In the Introduction to his 1926 article, de Castro (Figure 1) regretted the scarcity of studies devoted to the study of structure, innervation and function of the CB in contrast to the great profusion of embryological works. He pointed out that after Kohn the CB was considered by most researchers as a paraganglion, which like the organ of Zuckerkland or aortic paraganglion (located in the abdominal aorta in the vicinity of the origin of the inferior mesenteric artery or by the bifurcation of the aorta), the cardiac paraganglion or paraganglion of Wiesel (located in the fatty tissue around the left coronary artery among the branches of the cardiac plexus that supply the left auricle), and possibly also the coccygeal glomus gland of Luschka (located at the tip of coccyx) would represent supplementary adrenomedullary glands. de Castro also wrote that chromaffinity being the most conspicuous property of these paraganglia there was not unanimous agreement on the ability of the CB cells to reduce chromic salts. Nevertheless, there was general agreement on the spherical or ovoid form of the CB cells, their distribution contiguous to capillaries, and the richness of vessels and nerves of the organ. de Castro concluded the Introduction stating that little was known about the structure of the cells themselves, the nature and origin of the nerve fibers of the organ, and the way the nerve fibers end on the cells; these aspects were the targets of his 1926 study.

FIGURE 1
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FIGURE 1. Fernando de Castro (1896–1967). The picture was taken in 1967 (Courtesy of Fernando-Guillermo de Castro from the Archive Fernando de Castro).

As to the methods of the paper (section I in the paper) we wish to underline a few details. (1) de Castro used in this study young and adult mice, rats, rabbits, cats, and dogs as well as mice and cat embryos at several developmental stages, mature human fetuses and human tissue from adult humans accidentally killed. (2) In the study of nerves de Castro used as staining procedure Cajal’s reduced silver nitrate method. In small animals and embryos, in order to prevent possible destruction or disturbances of the anatomical relationships, he fixed the entire head with several fixatives that included nitric acid as decalcifier, and serially sectioned the entire piece: this procedure allowed him to follow the nerves from their origin and to precisely define their anatomical relationships. (3) To study the cellular structure he used a new set of fixatives and staining procedures. (4) To experimentally study the innervation of the CB and the carotid region in general, he used cat and dog preparations in which the cervical sympathetic chain had been resected and/or the glossopharyngeal had been sectioned distally to the petrosal ganglion.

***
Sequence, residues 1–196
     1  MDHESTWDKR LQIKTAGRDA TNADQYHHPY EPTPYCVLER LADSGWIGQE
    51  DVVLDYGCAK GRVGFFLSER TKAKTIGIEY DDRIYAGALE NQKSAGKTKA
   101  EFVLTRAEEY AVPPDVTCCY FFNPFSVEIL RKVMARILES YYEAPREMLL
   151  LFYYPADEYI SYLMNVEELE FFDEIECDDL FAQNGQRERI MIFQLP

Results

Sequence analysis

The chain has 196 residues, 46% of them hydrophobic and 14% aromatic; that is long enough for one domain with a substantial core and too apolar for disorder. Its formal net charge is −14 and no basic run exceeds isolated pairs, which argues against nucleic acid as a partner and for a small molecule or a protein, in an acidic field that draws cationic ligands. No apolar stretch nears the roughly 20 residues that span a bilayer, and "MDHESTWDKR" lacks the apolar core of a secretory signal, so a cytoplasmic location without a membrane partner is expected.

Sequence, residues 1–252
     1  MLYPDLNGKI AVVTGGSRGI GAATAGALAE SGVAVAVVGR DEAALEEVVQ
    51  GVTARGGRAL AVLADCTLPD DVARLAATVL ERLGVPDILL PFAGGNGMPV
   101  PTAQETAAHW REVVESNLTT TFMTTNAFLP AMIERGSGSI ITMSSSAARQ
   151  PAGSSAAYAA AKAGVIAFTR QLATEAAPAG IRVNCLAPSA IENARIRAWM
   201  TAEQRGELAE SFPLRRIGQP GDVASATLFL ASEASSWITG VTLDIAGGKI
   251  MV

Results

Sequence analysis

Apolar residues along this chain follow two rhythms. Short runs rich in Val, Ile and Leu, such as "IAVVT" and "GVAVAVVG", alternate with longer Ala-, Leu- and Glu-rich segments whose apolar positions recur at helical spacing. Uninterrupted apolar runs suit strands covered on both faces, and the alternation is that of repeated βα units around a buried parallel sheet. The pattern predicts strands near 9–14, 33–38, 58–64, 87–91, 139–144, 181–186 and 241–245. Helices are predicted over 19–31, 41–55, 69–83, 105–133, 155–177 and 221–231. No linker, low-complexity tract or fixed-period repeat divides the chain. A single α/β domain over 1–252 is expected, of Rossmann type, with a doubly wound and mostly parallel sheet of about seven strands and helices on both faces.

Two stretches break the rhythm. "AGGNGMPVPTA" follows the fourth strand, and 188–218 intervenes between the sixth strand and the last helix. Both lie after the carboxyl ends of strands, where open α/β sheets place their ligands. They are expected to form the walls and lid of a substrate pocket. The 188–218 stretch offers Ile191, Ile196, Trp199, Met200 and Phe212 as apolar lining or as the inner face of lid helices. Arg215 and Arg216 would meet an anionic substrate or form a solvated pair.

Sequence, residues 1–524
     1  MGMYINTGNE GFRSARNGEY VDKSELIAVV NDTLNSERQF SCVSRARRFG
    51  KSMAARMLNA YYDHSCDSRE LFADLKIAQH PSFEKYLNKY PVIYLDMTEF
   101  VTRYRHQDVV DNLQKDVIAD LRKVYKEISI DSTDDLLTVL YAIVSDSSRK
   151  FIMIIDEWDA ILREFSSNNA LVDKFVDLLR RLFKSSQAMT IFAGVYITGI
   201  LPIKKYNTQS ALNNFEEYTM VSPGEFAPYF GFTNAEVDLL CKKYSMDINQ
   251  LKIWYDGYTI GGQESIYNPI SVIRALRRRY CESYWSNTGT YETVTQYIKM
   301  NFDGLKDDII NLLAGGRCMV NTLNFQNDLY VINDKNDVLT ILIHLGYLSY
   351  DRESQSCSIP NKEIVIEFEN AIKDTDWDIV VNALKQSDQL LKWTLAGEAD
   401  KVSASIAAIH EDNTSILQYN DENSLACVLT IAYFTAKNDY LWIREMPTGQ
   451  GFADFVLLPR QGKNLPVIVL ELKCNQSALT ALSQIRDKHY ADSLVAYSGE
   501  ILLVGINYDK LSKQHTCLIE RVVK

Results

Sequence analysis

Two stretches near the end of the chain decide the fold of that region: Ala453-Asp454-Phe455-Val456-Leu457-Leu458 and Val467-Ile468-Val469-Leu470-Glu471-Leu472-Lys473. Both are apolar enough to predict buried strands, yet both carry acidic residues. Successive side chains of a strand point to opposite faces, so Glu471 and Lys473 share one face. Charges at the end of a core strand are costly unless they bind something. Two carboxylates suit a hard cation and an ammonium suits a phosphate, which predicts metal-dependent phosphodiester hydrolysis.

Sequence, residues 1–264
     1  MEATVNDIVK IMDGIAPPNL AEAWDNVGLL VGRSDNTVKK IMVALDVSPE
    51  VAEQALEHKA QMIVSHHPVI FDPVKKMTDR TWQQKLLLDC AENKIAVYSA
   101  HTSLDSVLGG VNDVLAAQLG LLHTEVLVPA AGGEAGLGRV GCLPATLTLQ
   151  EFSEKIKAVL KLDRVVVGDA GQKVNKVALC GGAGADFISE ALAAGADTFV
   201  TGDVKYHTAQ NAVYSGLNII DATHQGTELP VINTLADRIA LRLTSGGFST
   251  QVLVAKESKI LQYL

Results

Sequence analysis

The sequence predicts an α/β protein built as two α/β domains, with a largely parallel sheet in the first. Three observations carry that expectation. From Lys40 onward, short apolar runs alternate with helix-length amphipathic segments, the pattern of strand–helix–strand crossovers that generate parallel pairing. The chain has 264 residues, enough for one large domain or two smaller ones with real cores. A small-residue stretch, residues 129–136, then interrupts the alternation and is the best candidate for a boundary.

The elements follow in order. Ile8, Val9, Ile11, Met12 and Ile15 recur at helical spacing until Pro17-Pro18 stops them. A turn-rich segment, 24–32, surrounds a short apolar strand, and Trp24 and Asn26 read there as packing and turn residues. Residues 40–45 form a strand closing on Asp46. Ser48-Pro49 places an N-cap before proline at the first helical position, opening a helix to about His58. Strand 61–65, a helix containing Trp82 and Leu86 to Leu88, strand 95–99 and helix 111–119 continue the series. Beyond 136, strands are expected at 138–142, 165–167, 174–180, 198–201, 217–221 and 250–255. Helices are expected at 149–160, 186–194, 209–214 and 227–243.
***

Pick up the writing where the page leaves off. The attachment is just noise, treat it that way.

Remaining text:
With this methodological armamentarium de Castro in 1926 made a series of salient findings that we shall try to faithfully summarize. From section II of the paper, devoted to the general organization of the innervation of the CB, we highlight the following aspects: de Castro wrote that in almost all studied species, the CB is surrounded by nerves which as a whole form a periglandular plexus (notice that de Castro follows the main trend in naming the CB as a gland). In mice the disposition of the fibers is much simpler and it is not feasible to talk of a truel periglandular plexus. Similarly, in humans, where the CB commonly is formed by several independent lobules (also common in calves; Sanz-Alfayate et al., 2001) dispersed in the conjunctive and fat tissue around the carotid sinus, there is not a true periglandular plexus. The fibers surrounding the CB, whether or not forming a true periglandular plexus, have three origins: (a) the greatest part comes from the superior cervical sympathetic ganglion and most of them are unmyelinated (i.e., postganglionic fibers) although there are some fibers of sympathetic origin which are middle sized myelinated (i.e., preganglionic that would terminate in sympathetic neurons located in the periphery of the CB or directly on chemoreceptor cells; see Verna, 1997); (b) the second contingent in quantitative importance comes from the glossopharyngeal via its intercarotid branch or nerve intercarotidien (the carotid sinus nerve, CSN), and is formed by myelinated fibers of middle size, although there are some myelinated fibers and some unmyelinated fibers; (c) finally, the smallest contingent is represented by filaments of fibers escaping from the pharyngeal branch of the vagus nerve. This organization of the periglandular plexus would explain two facts frequently disputed in recent literature: (1) for any given species, the levels of NE in the CB would vary from laboratory to laboratory according to their thoroughness on the dissection of the organ, i.e, depending on the elimination or not of the sympathetic fibers; (2) the effect of sympathectomy on the NE levels of the CB would vary from species to species according to their richness in NE-containing chemoreceptor cells (in the rat and rabbit, and probably in the mice, with few NE cells, sympathectomy would cause a great decrease in NE levels, while in the cat, the effect would be very modest; Gonzalez et al., 1997).